Some Old Favorites About World War I

by pamela on July 22, 2014

“Cheshire Regiment trench Somme 1916″ by John Warwick Brooke – This is photograph Q 3990 from the collections of the Imperial War Museums (collection no. 1900-13).

Recently I shared some of the most interesting new books about World War I that have landed in my mailbox.* Wonderful though many of the new books are, it would be a shame to forget the many excellent older books available.

Here are some of my favorites:

Paul Fussell’s The Great War and Modern Memory (1975) is a rich discussion of the intersection between World War I (specifically the British experience on the Western Front)and literature: both the literature that came out of the trenches and subsequent attempts to remember and mythologize the war.

Robert Graves’s Goodbye to All That (1929 or 1957–the two editions are very different) is one of the classic memoirs of the war–a bitter, unsentimental and darkly comic farewell to pre-war England. (On opening Fussell at random, I see that he describes Goodbye to All That as the “stagiest” of the war memoirs. Read it for yourself and tell me what you think.) Depending on where you hang out, you may know Graves as the author of The White Goddess, a poetic study of European myth and/or as the author of the popular novel I, Claudius, which the BBC turned into an equally popular television series in 1976. Personally, I found The White Goddess unreadable and only watched one episode of I, Claudius.** But I was totally absorbed by Goodbye to All That. Graves does not simply paint a picture of his experience of the trenches. He sets that experience within the larger context of his life before and after the war, showing what members of a particular class and caste lost in the war. Reading Graves, the phrase “the lost generation” takes on richer meaning.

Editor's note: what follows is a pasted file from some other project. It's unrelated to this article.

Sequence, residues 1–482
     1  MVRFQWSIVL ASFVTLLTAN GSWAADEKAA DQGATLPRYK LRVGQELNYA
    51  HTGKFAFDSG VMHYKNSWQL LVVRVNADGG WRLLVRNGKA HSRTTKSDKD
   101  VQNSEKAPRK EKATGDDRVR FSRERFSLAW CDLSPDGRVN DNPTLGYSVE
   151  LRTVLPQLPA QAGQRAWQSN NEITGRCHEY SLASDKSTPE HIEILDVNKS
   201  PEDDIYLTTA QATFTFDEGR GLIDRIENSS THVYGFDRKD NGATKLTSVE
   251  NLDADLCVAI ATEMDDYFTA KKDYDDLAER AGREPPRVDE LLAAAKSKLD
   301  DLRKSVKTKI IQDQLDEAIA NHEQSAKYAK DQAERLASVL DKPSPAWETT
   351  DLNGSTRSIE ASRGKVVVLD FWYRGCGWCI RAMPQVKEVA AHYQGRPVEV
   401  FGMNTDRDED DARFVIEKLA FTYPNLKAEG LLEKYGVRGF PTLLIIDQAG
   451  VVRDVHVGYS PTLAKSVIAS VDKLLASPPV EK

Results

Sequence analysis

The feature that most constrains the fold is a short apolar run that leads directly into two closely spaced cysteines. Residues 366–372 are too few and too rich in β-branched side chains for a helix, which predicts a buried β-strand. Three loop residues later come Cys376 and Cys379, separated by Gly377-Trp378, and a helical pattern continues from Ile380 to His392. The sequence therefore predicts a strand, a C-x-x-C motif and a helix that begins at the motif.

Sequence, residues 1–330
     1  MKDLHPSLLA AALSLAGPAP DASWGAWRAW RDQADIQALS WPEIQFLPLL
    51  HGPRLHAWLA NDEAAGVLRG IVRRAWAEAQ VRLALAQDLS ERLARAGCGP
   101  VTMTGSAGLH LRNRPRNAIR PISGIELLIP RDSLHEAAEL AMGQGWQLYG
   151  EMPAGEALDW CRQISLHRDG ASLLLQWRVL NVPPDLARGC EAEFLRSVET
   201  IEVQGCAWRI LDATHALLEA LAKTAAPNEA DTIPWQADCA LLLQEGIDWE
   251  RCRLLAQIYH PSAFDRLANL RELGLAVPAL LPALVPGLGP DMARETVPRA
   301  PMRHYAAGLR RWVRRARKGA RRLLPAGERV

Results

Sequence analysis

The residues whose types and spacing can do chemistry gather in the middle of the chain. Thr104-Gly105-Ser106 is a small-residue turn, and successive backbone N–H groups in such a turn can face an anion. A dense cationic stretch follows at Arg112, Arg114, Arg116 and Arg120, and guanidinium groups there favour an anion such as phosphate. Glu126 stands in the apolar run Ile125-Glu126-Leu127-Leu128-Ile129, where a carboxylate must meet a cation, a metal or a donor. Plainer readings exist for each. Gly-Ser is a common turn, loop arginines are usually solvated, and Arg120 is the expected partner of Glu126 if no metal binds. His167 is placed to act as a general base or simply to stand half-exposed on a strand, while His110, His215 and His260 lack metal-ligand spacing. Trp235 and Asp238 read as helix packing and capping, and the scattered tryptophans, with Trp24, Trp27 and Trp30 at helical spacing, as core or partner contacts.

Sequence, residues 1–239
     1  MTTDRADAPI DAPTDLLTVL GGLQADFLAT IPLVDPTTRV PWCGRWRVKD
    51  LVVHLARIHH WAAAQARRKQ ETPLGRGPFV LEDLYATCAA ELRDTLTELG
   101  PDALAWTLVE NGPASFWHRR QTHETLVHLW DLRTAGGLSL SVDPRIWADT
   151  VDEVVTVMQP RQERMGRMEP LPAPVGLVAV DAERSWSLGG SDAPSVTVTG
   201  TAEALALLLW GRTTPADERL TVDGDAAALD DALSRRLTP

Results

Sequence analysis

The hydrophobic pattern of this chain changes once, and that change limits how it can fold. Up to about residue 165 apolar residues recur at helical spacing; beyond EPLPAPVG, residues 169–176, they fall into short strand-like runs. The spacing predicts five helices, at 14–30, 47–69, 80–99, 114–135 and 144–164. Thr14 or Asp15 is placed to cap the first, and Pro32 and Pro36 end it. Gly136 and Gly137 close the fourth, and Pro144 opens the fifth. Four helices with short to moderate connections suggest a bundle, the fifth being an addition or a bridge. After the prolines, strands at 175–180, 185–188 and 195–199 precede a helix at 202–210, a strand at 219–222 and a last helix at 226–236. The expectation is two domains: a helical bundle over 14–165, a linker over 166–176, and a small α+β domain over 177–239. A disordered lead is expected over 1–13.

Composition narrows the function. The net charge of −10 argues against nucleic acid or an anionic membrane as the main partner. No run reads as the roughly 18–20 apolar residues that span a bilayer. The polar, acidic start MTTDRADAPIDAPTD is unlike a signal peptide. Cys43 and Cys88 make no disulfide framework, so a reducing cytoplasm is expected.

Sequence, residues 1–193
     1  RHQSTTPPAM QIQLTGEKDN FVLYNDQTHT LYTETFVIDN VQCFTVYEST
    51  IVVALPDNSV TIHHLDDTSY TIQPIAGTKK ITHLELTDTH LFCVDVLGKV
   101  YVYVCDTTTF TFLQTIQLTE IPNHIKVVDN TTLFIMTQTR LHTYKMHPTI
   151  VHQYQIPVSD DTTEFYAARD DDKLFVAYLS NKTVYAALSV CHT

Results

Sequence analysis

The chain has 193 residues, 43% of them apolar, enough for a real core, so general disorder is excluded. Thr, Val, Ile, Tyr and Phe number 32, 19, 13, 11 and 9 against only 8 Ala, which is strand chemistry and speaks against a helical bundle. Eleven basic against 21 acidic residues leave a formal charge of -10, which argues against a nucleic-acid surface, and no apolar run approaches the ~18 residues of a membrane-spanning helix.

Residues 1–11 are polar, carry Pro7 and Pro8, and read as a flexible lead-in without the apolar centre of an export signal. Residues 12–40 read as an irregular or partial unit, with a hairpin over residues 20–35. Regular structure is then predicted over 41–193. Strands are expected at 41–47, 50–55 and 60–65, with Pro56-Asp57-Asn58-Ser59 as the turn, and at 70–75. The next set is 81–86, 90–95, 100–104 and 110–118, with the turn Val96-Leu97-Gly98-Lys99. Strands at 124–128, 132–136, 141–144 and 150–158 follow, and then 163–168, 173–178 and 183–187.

Samuel Hynes’s A War Imagined: The First World War and English Culture (1990) looks at what he calls the “Myth of the War”, which he describes “not as a falsification of reality, but an imaginative version of it, the story of the war that has evolved and has come to be accepted as true.” In many ways a pendant to Fussell’s work, A War Imagined considers the construction of the war by contemporary artists and writers–both officially and unofficially–and the post-war construction of monuments and anti-monuments. This kind of thing is intellectual meat and drink to me.

Last, but definitely not least, Barbara Tuchman’s The Guns of August (1962) remains the standard against which I measure popular history. If I could only have one book about World War I on my shelf, it would be this one.*** Writing with transparent, often witty, prose and an eye for the telling detail, she takes a familiar story–the first month of World War I–and makes it into a page-turner. Hmm, I think I know what I’m taking to read on the road in September.